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Tech & Science Invasive fungus myrtle rust is pushing Australia's native trees toward extinction

07:35  04 december  2019
07:35  04 december  2019 Source:   abc.net.au

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Australia must roll out an emergency national response to an invasive plant disease that is rapidly pushing at least four plant species to imminent extinction , experts have told Guardian Australia . Myrtle rust , first found at a New South Wales nursery in 2010, attacks trees in the myrtaceae family.

Myrtle rust is pushing already threatened native Australian Myrtaceae closer to extinction , notably Gossia gonoclada, and Rhodamnia angustifolia and changing species composition of rainforest understories, and Richmond birdwing butterfly numbers are under threat from an invasive flower

a bird sitting on a tree branch: The yellow spots and discoloured leaves of this red lilly pilly are signs the invasive fungus myrtle rust has infected it. (Supplied: Geoff Pegg)© Provided by ABC NEWS The yellow spots and discoloured leaves of this red lilly pilly are signs the invasive fungus myrtle rust has infected it. (Supplied: Geoff Pegg)

While cane toads creep across northern Australia and down the eastern coastline, a far more insidious invasive species is ravaging our native trees.

Scientists warn rapid extinctions of some of our most well-known tree species are on the cards if myrtle rust, an invasive, disease-causing fungus, is not rapidly brought under control.

Myrtle rust, or Austropuccinia psidii, has caused extensive dieback of trees including lilly pillies, paperbarks, box brush and tea trees.

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Myrtle rust (Puccinia psidii) is a fungus that causes disease in plants in family Myrtaceae. It is one of a complex of fungal pathogens known as eucalyptus or guava rusts . Australian scientists have been greatly alarmed by these rusts since they were first reported causing serious disease in eucalypt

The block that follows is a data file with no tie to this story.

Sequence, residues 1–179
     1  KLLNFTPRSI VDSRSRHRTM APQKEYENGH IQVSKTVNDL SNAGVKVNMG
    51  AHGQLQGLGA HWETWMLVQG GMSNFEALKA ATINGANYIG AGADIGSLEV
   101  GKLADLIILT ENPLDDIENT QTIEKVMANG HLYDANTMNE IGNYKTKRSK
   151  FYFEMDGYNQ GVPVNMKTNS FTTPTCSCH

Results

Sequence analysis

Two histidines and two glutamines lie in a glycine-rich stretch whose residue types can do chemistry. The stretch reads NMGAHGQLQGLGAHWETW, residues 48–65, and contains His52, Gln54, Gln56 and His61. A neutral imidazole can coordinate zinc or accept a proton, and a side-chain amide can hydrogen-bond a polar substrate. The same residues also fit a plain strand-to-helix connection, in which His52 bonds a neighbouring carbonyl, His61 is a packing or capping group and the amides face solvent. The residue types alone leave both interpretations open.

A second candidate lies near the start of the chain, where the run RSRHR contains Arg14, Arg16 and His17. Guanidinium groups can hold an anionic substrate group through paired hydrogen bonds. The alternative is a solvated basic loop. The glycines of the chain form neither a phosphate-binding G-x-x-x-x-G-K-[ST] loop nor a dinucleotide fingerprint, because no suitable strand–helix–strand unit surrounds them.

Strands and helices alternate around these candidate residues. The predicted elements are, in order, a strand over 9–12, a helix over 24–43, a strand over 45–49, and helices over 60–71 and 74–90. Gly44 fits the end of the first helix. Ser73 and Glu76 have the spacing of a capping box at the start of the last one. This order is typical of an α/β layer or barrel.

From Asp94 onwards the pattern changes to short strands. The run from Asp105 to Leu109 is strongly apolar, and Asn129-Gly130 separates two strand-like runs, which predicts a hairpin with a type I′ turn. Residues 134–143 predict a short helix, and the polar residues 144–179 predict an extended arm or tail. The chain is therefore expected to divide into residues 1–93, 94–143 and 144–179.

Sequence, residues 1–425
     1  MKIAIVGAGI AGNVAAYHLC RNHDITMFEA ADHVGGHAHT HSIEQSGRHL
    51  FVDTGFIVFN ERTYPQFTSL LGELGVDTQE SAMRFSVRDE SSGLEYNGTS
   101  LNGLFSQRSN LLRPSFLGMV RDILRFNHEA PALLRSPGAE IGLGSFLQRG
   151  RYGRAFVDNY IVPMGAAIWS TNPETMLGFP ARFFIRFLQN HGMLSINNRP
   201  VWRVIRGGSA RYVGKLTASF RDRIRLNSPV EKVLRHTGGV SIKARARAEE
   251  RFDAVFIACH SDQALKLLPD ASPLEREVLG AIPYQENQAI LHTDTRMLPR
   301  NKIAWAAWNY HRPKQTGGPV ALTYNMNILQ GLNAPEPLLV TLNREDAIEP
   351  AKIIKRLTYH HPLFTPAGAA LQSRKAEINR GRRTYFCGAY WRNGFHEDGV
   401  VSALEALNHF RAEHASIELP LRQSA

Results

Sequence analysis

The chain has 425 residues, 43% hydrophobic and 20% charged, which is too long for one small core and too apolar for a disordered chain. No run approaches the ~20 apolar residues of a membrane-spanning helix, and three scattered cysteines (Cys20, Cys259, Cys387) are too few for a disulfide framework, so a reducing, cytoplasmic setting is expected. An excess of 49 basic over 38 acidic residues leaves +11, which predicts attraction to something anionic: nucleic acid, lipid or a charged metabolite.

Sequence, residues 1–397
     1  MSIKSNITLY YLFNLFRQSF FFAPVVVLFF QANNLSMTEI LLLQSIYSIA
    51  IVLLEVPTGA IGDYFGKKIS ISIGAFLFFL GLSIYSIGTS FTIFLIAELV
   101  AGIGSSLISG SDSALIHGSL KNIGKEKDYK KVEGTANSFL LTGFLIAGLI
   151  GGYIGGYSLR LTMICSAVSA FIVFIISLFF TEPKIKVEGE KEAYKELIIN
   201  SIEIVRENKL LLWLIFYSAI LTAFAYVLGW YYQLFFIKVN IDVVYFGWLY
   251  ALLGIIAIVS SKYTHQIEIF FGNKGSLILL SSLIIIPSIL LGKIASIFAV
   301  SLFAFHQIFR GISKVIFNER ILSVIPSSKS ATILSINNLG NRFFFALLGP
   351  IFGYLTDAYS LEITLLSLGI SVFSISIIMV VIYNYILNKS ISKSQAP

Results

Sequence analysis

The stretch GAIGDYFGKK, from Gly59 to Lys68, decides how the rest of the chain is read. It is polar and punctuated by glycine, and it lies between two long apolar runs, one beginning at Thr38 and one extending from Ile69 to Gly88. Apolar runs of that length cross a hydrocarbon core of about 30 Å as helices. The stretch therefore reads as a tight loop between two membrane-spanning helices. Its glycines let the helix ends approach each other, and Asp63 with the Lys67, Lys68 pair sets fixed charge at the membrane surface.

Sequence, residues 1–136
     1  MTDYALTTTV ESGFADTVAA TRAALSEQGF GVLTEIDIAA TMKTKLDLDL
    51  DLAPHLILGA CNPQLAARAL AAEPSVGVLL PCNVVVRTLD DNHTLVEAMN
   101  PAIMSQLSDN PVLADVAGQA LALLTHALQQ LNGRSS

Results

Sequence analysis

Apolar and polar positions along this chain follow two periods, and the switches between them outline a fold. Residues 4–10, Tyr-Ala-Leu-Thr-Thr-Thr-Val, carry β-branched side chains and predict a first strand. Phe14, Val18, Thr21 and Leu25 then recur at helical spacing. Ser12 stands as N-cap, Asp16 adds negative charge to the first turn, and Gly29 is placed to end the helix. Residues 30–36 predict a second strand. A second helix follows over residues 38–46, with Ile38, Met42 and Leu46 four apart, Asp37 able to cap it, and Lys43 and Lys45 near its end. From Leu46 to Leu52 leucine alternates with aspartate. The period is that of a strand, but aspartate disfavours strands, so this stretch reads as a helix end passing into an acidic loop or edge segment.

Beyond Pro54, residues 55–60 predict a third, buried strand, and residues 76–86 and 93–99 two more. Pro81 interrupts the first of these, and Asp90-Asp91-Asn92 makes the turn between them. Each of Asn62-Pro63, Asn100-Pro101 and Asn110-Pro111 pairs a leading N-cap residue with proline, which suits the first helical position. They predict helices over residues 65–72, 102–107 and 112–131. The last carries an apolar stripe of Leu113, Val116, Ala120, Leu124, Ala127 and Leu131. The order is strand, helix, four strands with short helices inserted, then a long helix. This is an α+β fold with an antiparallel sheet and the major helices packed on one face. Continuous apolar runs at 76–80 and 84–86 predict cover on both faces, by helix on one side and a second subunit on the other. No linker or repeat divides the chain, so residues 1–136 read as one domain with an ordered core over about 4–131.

Invasive species are a serious threat to the native biodiversity of Australia and are an ongoing cost to Australian agriculture. Numerous species arrived with European colonisation of Australia and

The areas most affected are wet forest environments, such as coastal heath, paperbark wetlands and rainforests, along the east coast of Australia, said Bob Makinson, a conservation botanist with the Australian Network of Plant Conservation.

"We know that at least four species are in what can only be termed catastrophic decline," Mr Makinson said.

"The critical endangered status that's been afforded to three of those species in New South Wales means that they are in danger of extinction in the near future.

"Those species are on the way out."

Native guava (Rhodomyrtus psidioides) and brush turpentine (Rhodamnia rubescens) are two of the four tree species most at risk from myrtle rust.

"Those species were widespread and had no conservation concern prior to 2010, when myrtle rust was first detected," Mr Makinson said.

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Austropuccinia psidii ( myrtle rust ) is an invasive fungus native to South America that infects the young growing tissues of species in the Myrtaceae family, one of the dominant plant families in Australia . To date, 360 native species from 49 genera have been found to be susceptible in

Invasive fungi Guava rust Eucalyptus rust Biodiversity Environmental monitoring Ecological impacts Extinction The disease it causes is variably known as guava rust , eucalyptus rust or myrtle rust . Prior to reaching Australia , the known host range for P. psidii was 129 species in 33 genera of

"But in the short space of just nine and a half years have gone to critically endangered status."

Myrtle rust is now established along the east coast of Australia and at several locations in Tasmania and the Northern Territory, but has not yet reached Western Australia.

The 'pinnacle of pathogens'

Myrtle rust is recognisable by its yellow and orange spores on tree leaves and branches.

These spores are carried by wind, and when they land on a suitable host — trees in the family Myrtaceae — they can infect it within 12 hours.

Sometimes the only sign trees are infected is isolated brown spots on their leaves, and some plants can survive with this level of infection.

More severely infected plants look burnt and this level of infection can cause plant death.

Plant pathologist Geoff Pegg called myrtle rust the "pinnacle of pathogens" at a recent Ecological Society of Australia conference in Launceston.

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Australia has the highest rate of vertebrate mammal extinction in the world, and invasive species are our number one threat. Myrtle rust is pushing already threatened native Australian Myrtaceae closer to extinction , notably Gossia gonoclada, and Rhodamnia angustifoliaand changing species

Myrtle rust is pushing already threatened native Australian Myrtaceae closer to extinction , notably Gossia gonoclada, and Rhodamnia angustifolia and changing species composition of rainforest understories, and Richmond birdwing butterfly numbers are under threat from an invasive flower